At what “RAM point” do you expand your ESX cluster?

One of the great beauties of a fully virtual environment – or as virtual as you can make it – is the ability to expand and contract specific resources – RAM, storage and processor – as needed. You probably already know that RAM plays a huge part in any virtual infrastructure. As your cluster begins to support more and more services, RAM will be at even more of a premium and, eventually, you’ll get to a point at which you need to add RAM via some method.

I’ve written before that I’ve found it too expensive to simply rip and replace existing RAM. From a per-GB perspective, buying a whole new server makes more sense than simply upgrading an existing one. And, there are some other reasons why it makes sense to add more RAM.

In reviewing RAM usage on our four existing hosts, with 32 GB, 32 GB, 48 GB and 96 GB of RAM respectively, I’ve seen that each has between 35% and 40% of RAM free. As I consider upcoming workload needs and the need to make sure that there are enough resources in the cluster so that the beefiest server (in our case, one with 96 GB of RAM) can fail, I’ve decided to replace one of the 32 GB units with another 96 GB unit. In the next couple of weeks, we’ll be adding additional workloads that require between 18 GB and 26 GB of additional RAM, not to mention new needs as we stand up additional services this summer. Another bonus: The new server has 12 cores as opposed to the 8 in the existing server. Although processor usage is far from a problem in our cluster, the cost differential between 8 and 12 cores was negligible.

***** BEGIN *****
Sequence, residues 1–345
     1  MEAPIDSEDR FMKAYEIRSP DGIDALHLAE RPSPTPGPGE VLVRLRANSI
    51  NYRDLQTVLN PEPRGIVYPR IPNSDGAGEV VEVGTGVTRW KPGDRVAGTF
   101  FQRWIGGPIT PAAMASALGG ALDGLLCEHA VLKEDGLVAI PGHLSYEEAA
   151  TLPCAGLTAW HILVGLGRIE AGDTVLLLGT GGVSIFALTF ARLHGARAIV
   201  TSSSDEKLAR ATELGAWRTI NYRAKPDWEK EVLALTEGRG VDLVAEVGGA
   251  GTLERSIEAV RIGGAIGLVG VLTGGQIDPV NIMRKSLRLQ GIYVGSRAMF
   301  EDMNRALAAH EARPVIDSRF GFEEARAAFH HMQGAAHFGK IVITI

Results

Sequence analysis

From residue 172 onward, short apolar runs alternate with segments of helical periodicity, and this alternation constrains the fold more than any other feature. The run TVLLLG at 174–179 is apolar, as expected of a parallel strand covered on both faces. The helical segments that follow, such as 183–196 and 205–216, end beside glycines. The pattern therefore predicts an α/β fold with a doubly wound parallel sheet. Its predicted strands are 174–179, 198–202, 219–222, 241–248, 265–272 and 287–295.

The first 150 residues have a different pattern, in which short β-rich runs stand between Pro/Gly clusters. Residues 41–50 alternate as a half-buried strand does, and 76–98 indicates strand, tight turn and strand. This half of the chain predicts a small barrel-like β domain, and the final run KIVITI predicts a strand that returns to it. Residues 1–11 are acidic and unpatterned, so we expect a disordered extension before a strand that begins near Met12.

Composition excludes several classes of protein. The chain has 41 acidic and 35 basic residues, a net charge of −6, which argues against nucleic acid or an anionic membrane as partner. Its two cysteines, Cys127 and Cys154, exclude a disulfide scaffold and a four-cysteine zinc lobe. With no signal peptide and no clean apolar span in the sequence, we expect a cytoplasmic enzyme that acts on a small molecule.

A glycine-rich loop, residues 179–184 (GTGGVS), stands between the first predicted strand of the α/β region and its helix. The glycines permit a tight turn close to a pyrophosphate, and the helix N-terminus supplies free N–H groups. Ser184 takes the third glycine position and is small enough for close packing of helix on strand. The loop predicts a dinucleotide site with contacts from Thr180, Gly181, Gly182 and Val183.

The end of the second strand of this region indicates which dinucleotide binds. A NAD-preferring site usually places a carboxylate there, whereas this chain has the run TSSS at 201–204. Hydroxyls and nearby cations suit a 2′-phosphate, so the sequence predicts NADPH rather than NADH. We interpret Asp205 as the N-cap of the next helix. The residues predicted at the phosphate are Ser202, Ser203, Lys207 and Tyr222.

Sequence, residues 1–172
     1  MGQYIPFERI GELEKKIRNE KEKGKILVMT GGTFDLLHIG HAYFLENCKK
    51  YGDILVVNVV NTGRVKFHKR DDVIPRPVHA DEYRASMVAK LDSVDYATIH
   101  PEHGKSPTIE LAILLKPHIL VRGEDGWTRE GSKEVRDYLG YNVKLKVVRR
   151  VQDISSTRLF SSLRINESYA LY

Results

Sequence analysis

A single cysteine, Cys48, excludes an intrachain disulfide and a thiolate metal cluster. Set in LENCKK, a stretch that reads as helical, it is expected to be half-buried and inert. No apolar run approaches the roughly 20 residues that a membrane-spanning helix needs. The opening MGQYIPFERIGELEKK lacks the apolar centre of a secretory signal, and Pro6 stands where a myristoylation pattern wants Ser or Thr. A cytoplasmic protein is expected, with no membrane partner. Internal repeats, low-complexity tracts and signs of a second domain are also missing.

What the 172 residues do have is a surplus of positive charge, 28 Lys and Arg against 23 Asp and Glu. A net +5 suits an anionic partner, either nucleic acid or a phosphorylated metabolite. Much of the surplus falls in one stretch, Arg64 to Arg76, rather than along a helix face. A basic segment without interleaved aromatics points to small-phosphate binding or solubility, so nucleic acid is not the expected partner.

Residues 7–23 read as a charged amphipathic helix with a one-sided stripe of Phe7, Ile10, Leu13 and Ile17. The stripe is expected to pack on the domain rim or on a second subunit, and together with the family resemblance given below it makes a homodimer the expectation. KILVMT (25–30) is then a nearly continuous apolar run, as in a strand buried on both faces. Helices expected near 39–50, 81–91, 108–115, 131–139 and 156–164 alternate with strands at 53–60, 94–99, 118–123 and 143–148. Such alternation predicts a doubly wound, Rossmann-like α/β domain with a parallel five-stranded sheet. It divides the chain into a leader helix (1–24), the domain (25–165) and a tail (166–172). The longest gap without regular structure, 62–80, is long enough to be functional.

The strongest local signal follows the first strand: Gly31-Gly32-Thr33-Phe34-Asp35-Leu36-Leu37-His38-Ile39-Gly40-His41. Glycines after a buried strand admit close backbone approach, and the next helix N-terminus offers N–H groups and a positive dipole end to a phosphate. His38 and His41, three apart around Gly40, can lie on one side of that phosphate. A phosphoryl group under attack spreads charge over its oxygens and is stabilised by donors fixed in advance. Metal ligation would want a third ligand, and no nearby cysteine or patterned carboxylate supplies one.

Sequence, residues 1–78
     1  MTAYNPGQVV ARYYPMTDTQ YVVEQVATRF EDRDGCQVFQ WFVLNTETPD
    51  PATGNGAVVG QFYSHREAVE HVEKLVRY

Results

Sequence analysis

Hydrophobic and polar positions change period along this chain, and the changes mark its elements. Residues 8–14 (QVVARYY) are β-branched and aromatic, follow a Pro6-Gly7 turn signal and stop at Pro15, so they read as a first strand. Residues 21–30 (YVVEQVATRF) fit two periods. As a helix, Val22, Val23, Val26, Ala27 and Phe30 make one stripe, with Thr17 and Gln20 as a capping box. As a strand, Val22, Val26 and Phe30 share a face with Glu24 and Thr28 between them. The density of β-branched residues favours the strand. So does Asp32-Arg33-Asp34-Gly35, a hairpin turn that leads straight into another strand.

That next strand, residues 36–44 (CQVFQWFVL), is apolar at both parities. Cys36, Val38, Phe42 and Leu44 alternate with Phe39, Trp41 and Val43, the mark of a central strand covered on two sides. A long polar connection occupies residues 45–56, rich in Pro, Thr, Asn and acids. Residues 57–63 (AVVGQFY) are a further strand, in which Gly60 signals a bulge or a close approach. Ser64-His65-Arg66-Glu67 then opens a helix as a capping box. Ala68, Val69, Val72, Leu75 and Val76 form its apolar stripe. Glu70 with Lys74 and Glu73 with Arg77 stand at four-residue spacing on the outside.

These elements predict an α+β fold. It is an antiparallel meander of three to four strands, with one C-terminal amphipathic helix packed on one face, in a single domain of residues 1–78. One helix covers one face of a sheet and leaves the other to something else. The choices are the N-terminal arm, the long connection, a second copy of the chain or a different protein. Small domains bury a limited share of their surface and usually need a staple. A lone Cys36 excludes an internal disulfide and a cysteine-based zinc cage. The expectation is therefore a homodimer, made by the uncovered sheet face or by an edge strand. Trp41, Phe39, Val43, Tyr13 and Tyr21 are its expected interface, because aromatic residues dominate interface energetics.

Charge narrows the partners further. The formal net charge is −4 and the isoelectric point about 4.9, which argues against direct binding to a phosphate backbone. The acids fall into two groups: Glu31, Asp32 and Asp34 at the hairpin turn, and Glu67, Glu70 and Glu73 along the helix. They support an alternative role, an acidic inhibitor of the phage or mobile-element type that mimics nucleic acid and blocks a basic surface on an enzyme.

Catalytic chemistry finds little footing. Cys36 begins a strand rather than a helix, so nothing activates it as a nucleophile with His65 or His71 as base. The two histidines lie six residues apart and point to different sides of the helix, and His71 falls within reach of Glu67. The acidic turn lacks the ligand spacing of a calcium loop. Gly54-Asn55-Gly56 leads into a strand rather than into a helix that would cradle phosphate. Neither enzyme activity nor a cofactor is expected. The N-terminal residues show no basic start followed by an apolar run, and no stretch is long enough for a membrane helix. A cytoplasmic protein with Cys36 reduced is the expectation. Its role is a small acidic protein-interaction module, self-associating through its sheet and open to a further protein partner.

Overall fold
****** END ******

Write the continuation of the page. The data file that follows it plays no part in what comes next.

As I reviewed the stats and considered immediate needs, I found myself uncomfortable running at almost 65% capacity on my ESX hosts, especially with such a disparity in RAM amounts on each server. What about you? At what point do you kick off an upgrade for a particular resource?

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